4. Geriatrics nurses help and offer support to elderly patients. They monitor crucial signs, manage chronic conditions, and administer medication to the elderly. These nurses also coordinate administrative roles such as staff supervision.

Salary and Compensation For Different Nursing Careers

  1. Critical care nurse—According to the Payscale, the median annual compensation for critical care nurses in June 2022 was approximately $75,000.
  2. Pediatric nurse—The median annual compensation for pediatric nurses in July 2022 was around $61,000. However, pay can vary depending on the function. According to the Payscale, pediatric critical care unit nurses earned a median annual income of approximately $81,000 in July 2022.
  3. Acute care nurse – According to the compensation website Payscale, the yearly median income for acute care nurses in August 2022 was around $83,000.
  4. Psychiatric mental health nurse—According to Payscale data from July 2022, the typical annual compensation for psychiatric nurse practitioners was over $114,000.
  5. Nurse educator – the median annual salary for a nurse educator was around $79,000 as of July 2022.
  6. Nurse administrator—According to Payscale reports, a nurse administrator would receive an annual median salary of about $89,000.

However, it is crucial to understand that these average salaries are not fixed. They may differ from one nursing practitioner to the other. Some factors affect the amount of wages nurses receive. These may include specialization, location, and experience. More experienced nurses will have a higher salary than a newbie. A nurse working from home as a private nurse could also have a higher salary than a nurse working from a hospital.

Highest-Paid Nursing Jobs:

  • Certified Registered Nurse Anesthetist – $203,090
  • Neonatal Intensive Care Nurse – $136,592
  • Pain Management Nurse – $124,006
  • General Nurse Practitioner – $121,610
  • Certified Nurse Midwife – $120,880
  • Health Policy Nurse – $120,333
  • Psychiatric Nurse Practitioner – $117,870
  • Registered Nurse First Assistant – $106,176
  • Nursing Administrator – $104,830
  • Family Nurse Practitioner – $102,107
  • Gerontological Nurse Practitioner – $96,198
  • Intensive Care Unit Nurse – $92,568
  • Clinical Nurse Specialist – $87,359
  • Informatics Nurse – $83,780
  • Nurse Educator – $78,580

Career Advancement Opportunities in Nursing

Career advancement in nursing offers numerous opportunities for professional development and growth. Aspiring nurses can pursue advanced practice roles like becoming Nurse Anesthetists or Nurse Practitioners. These roles offer increased responsibility, autonomy, and higher salaries, reflecting the required individual expertise and advanced skills.

Leadership posts in clinics, hospitals, and other healthcare organizations are also great avenues for career progression. Nurses can look up to positions such as Director of Clinical Services, Nurse Manager, or Chief Nursing Officer, where they will supervise departments, manage staff, and control healthcare delivery processes.

Specialization and further education present additional pathways for nursing career advancement. Endeavor to pursue advanced degrees such as a Doctor of Nursing Practice (DNP) or a Master of Science in Nursing (MSN) to occupy roles in research, nursing education, or specialized clinical practice. Nurses specializing in pediatric, oncology, or psychiatric mental health may have increased responsibility and potentially higher career pay.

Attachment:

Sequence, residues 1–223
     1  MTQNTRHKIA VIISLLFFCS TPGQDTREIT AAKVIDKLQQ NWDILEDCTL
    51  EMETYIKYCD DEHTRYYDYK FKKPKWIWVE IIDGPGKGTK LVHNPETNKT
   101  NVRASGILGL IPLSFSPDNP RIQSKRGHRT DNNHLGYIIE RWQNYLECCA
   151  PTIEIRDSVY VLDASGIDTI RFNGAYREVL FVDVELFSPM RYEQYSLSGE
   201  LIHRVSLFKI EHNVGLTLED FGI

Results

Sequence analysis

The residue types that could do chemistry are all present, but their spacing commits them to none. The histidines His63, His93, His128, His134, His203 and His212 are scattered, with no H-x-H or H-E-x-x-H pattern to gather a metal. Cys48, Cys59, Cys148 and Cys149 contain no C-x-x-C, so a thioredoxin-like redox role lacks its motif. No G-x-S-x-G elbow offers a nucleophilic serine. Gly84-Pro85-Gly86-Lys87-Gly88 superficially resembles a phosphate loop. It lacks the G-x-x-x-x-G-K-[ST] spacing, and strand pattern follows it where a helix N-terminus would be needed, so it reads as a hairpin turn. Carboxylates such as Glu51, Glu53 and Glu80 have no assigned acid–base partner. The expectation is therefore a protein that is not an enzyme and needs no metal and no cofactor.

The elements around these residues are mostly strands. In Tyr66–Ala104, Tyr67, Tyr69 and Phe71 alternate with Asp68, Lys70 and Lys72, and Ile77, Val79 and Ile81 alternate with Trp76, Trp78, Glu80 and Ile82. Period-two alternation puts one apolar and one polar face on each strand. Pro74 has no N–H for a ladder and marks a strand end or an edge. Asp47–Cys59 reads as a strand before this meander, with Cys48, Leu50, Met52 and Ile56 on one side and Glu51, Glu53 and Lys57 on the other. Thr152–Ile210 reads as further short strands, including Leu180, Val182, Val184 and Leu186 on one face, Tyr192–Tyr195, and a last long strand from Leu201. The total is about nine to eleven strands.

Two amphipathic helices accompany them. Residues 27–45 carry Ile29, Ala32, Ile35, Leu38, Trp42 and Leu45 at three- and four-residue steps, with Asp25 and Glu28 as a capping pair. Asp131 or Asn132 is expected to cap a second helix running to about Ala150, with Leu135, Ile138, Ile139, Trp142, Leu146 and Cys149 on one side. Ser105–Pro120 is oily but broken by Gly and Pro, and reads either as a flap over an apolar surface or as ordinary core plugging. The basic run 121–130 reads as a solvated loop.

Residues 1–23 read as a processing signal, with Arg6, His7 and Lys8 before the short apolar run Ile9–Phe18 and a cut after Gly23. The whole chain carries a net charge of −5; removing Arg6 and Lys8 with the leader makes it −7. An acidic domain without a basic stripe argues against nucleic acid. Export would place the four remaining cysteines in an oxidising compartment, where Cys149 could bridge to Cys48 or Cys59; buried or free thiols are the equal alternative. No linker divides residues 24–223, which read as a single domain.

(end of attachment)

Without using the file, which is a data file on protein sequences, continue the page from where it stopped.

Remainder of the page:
Different Work Environments In Nursing

In today’s working environment, nurses can work in several settings, each with unique responsibilities and roles. Below are some work settings that nurses work in today:

1. Hospitals

Hospital nurses can work in critical care units, acute care settings, and emergency services. They can also work in specialty units, such as surgical, oncology, and pediatric wards. They administer treatments and direct patient care in the hospital.

2. Clinics

Nurses could offer patients specialty, urgent, or primary care in clinics. They can assist physicians in conducting assessments, educating patients, and administering medications.

3. Nursing homes

These nurses offer long-term care for the disabled or elderly individuals. They assess their health status, coordinate care plans, and manage their medications.

4. Schools

School nurses manage students’ health in the educational setting. They treat injuries, administer medications, and assess students’ health. These nurses also develop care plans for students with chronic conditions.

5. Community health centers

Nurses in these health centers usually deliver healthcare services to marginalized populations, focusing on health education, preventive care, and disease management.

6. Home healthcare agencies

These nursing agencies offer in-home care for patients recovering from injury or illness. The nurses assist with daily living activities and provide medical treatments, emphasizing personalized care.

How to Build a Supportive Network

The nursing profession has a vast network of professional organizations and associations that offer numerous networking opportunities, valuable resources, and professional development opportunities for nurses.

One of the oldest and largest professional nursing organizations is the American Nurses Association (ANA). The organizations represent the interests of more than 4 million registered nurses. ANA promotes high standards of nursing practice, advocates for nurses’ well-being, and empowers ethical conduct. The organization also has subsidiaries such as the American Nurses Credentialing Center and the American Academy of Nursing, offering additional resources for nursing career advancement.